The Clay High School Alumni Association honored Harold Pack for his 30 year of teaching in the Clay school system.  Pack is a 1966 graduate of Clay High School.  He later graduated from Ohio University and secured his Master’s degree from Marshall University in Huntington, W.Va.  He completed postmaster classes at Ohio University, Marshall University, Rio Grande, and Miami University.  Pack has  received recognition for numerous accomplishments in the field of education.  Clay Alumni President Charles Leonard presented a plague to Pack recognizing him for his dedication and excellence as a teacher in the Clay Township school system. Leonard stated it is rare for a person to graduate from his high school and then return after college and spend his entire teaching career in the same school system. 

Source:  Shirley Conklin      

Voters Approve New Clay Schools!

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Read more: Voters Approve New Clay Schools!
The voters of the Clay Local School District spoke loud and clear on Tuesday, March 4, 2008, as they passed the Clay bond issue for a new pre-K-12 school facility.  Voters overwhelmingly approved the bond issue 1,071 to 382 (73.7% to 26.3%).

Thank you, voters, for helping "shape our future" !

WSAZ.COM Article & Video, Portsmouth Daily Times (Wednesday, Mar 5, 2008) article, & Election Night Results

Follow the bond issue and building project from campaign to completion 

Related story material &

Voters soundly pass Clay levy

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Clay Local Schools superintendent Tony Mantell greets supporters of Clay's bid for a new pre-K-12 school building with a celebration cake Tuesday, after finding out it appeared voters had passed the school's levy.
T.W. Allen/Daily Times













After only four months, district gains support for new school

Published:  Tuesday, March 4, 2008 11:30 PM CST
Last year, Clay Local Schools scrapped its plans to ask voters to pass a levy for a new school in November, opting instead to defer its plans and take advantage of new funding regulations offered by the Ohio School Facilities Commission. Originally fearing it could take as long as two years to get back on the ballot, the school worked with local and state officials to expedite the process and not only made it onto the ballot, but passed, after only four months.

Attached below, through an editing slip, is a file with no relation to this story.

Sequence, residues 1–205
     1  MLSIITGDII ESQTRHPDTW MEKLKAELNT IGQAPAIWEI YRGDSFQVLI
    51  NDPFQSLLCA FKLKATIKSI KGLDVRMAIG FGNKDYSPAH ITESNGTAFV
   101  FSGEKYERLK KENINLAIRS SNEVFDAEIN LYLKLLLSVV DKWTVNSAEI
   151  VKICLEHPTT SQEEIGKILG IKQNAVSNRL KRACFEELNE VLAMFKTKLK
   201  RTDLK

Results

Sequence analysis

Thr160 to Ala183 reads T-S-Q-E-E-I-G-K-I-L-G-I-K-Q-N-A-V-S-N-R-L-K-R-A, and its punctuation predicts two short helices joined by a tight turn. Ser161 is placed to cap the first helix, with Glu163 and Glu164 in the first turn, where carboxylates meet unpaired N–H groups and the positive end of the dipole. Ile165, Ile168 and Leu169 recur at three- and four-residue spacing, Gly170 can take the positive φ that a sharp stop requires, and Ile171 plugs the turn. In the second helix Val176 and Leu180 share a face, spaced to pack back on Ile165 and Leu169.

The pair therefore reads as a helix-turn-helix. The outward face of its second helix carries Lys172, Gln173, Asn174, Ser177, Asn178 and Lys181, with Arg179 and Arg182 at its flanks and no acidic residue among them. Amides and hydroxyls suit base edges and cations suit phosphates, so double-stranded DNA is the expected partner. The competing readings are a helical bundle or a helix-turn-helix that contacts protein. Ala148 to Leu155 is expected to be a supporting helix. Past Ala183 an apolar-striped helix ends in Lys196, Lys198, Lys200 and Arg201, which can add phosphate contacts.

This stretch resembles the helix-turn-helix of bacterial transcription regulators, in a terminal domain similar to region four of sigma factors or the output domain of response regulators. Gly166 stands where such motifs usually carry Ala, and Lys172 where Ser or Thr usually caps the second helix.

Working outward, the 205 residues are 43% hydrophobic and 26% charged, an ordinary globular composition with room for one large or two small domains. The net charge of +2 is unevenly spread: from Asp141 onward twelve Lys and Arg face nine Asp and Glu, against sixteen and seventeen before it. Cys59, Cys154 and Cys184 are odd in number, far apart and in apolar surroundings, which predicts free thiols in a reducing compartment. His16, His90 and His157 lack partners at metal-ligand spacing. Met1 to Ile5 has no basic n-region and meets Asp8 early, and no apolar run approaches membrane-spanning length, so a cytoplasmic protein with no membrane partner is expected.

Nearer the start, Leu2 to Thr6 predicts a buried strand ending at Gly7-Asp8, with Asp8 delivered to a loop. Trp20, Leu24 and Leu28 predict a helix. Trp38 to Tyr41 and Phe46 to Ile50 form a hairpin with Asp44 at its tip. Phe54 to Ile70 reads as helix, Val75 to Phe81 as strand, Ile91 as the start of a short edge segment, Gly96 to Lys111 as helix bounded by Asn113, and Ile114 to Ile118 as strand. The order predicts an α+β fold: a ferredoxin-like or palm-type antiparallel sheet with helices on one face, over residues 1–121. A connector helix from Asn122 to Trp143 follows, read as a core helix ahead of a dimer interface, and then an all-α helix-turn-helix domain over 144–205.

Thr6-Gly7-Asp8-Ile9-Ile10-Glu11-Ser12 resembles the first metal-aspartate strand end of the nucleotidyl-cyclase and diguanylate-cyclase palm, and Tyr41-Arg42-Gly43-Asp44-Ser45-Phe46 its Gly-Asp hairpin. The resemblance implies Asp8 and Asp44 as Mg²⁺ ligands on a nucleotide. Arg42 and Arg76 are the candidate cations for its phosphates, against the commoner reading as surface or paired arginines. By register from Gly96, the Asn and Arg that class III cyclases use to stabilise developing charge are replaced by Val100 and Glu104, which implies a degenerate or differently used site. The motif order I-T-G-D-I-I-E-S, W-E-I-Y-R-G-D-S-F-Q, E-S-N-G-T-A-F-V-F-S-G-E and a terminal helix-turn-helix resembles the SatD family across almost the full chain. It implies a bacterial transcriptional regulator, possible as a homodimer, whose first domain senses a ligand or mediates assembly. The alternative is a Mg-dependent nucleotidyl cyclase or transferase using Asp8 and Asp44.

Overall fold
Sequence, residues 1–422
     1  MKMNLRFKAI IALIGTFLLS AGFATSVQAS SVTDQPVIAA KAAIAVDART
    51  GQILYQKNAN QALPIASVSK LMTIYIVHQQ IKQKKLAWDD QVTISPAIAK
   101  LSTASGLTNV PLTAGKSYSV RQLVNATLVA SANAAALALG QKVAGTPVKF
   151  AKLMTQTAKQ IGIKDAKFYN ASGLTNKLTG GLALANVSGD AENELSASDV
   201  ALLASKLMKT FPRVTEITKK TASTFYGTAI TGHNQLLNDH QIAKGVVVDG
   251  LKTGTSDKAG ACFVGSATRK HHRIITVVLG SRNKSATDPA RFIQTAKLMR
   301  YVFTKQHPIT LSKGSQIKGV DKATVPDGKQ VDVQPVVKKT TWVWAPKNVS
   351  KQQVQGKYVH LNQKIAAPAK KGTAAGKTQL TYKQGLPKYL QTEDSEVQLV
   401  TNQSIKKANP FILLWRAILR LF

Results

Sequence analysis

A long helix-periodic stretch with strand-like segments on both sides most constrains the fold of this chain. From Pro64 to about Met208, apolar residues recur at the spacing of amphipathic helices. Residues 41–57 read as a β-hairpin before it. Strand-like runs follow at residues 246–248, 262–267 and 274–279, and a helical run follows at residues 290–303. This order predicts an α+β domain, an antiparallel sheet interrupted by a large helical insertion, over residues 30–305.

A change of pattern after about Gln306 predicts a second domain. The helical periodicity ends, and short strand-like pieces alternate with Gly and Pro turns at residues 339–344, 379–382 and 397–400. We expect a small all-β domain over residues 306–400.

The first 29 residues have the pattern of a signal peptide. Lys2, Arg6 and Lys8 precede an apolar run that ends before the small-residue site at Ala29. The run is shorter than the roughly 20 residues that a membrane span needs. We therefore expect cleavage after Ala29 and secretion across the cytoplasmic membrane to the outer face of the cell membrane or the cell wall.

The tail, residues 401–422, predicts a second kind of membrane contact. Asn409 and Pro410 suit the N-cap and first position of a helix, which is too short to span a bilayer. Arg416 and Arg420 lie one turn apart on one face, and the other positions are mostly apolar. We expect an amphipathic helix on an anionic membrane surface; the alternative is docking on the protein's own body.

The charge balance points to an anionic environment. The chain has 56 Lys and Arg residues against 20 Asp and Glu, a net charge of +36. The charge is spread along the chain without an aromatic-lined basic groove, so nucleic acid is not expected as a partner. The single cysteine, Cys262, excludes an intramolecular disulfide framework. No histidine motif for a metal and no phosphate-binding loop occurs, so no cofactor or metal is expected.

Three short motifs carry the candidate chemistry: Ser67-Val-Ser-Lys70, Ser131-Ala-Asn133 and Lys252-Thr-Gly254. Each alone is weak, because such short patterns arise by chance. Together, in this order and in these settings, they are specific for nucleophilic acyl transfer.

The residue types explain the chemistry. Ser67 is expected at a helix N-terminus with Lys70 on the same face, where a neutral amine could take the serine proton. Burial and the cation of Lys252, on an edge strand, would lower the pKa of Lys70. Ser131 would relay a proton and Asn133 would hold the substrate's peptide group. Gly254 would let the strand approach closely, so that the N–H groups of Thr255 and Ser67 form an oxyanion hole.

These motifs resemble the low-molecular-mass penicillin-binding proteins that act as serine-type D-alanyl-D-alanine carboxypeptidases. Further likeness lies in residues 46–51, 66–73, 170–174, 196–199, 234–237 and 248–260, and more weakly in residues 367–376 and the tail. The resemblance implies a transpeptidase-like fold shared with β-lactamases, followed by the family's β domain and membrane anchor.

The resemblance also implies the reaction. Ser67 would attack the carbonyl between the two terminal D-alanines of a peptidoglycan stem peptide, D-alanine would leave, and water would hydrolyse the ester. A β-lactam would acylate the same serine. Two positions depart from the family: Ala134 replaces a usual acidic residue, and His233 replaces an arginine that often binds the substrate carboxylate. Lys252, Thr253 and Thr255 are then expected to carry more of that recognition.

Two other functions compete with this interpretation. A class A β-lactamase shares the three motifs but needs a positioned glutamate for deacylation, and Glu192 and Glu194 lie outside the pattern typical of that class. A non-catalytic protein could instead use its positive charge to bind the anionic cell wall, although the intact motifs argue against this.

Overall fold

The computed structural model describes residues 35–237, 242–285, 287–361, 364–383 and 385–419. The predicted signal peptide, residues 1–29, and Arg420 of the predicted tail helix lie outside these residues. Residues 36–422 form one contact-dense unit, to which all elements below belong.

Early Tuesday evening, hours yet before the polls had closed, Clay Local Schools superintendent Tony Mantell said he felt really good about the district's chances for passing the levy.

"We didn't do any kind of exit polls. So we really don't know. We just feel that everything we've heard from the community has been very positive. We haven't heard any negative comments. No negative materials passed out. Everyone seems to have gotten on board," he said.

Mantell and other supporters of the new school initiative gathered in the cafeteria of Clay High School Tuesday night, standing together and waiting for the results to come in.

As the night went on, Clay Township received a higher than expected voter turnout. Randy Basham of the Scioto County Board of Elections said that he delivered an extra 100 ballots to Clay Township precinct F, though he wasn't sure how many were actually used.

"Clay was big because of the school levy they had out there. We projected because of the presidential primary, that it would take so many ballots, and we sent those ballots out this morning (Tuesday). But as the day went on, there was a greater turnout," he said.

Polls closed in the county at 7:30 p.m. At 11 p.m. the preliminary results were announced to a cafeteria full of anxious people, that voters had passed a levy for new Clay schools.